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Gay News Sponsor Windy City Times 2015-11-25
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Gay teen saves life, honored for heroism
by Andrew Davis

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In most ways, Trevor Hall is like any other 17-year-old. The Zion, Ill., teen likes having fun with friends; and is looking forward to higher education and starting his own business.

However, Hall differs from most of his peers in at least two respects: He is openly gay, and he has been thrust into the national spotlight because he saved the life of another teen.

Saving a life

On Aug. 23, Hall was traveling with a large group of family and friends at Silver Lake in Kenosha, Wis. "We were just going for a picnic," Hall told Windy City Times. "We got there around 1 o'clock; at 5 o'clock I still hadn't gone in the water. It was nasty and I had just spent 45 minutes on my hair.

"However, something told me to go into the water. So I got in and, two minutes later, this all happened. I don't know if it was the good Lord above who told me to go in the water. I don't know what it was."

"My friend, Briana, and my cousin, Nicole [ Bollinger ] , heard somebody say, 'Help.' I was up to my shoulders in water, and I stand 5'8". I was telling other people not to splash me because of the water. But then I saw this [ 14-year-old ] kid bobbing in the water, and I was just gone. My friends said that I swam so fast I looked like I was on top of the water.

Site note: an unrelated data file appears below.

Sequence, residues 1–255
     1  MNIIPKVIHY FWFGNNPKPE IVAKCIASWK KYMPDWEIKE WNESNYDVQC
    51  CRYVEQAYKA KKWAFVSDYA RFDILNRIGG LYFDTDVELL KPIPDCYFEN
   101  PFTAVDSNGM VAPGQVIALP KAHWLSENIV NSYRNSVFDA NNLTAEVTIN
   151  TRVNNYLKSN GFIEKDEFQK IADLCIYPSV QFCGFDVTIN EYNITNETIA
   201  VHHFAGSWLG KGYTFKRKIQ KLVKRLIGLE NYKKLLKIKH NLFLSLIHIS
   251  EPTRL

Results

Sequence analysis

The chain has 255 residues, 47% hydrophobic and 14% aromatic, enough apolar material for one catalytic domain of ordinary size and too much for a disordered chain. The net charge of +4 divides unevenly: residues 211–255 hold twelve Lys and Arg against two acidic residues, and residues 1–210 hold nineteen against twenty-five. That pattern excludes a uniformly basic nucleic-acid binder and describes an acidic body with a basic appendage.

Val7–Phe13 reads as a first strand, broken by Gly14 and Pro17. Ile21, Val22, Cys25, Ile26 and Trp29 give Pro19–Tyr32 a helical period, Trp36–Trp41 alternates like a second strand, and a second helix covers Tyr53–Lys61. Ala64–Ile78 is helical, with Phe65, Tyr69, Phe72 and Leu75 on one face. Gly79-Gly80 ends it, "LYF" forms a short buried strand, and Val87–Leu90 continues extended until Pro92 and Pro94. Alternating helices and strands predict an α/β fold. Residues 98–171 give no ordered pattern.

"So I get to this kid and he's well into the water. I got to him and he was cold and hard as a rock; I thought he was dead—I have no doubt in my mind. I just put him over my head; it felt like he had weighed 200 pounds, he had swallowed so much water.

"I [ too ] was swallowing so much water but all I thought was, 'I don't care what happens to me. I'm gonna die but I don't care what happens to me as long as this kid is alright.'

"Unfortunately, this kid didn't know how to swim. I have no idea why he was even out there." Eventually, Hall was able to hand the teen over to Bollinger.

The lake is staffed with lifeguards—so where was the one on duty? According to Hall, "I noticed that the lifeguard had something in her hand and something shiny in her hand and headphones in her ears. If she didn't have those headphones in her ears, she would've heard him." Hall added that the troubled teen had three cousins with him, but they were apparently unable to swim.

[ Editor's note: Windy City Times spoke with Jennie Tunkieicz of the Kenosha County executive's office. She said that Hall's account regarding the lifeguard "was incorrect. [ The lifeguard ] had an iPod but she was using it as a clock; she was not wearing earbuds." Tunkieicz also said that the lifeguard did not hear the teen because the incident "happened outside the safe swim zone" but that the lifeguard responded once she realized there was "a commotion."

Tunkieicz added that the office is "grateful to Mr. Hall that he was able to achieve a positive outcome. ]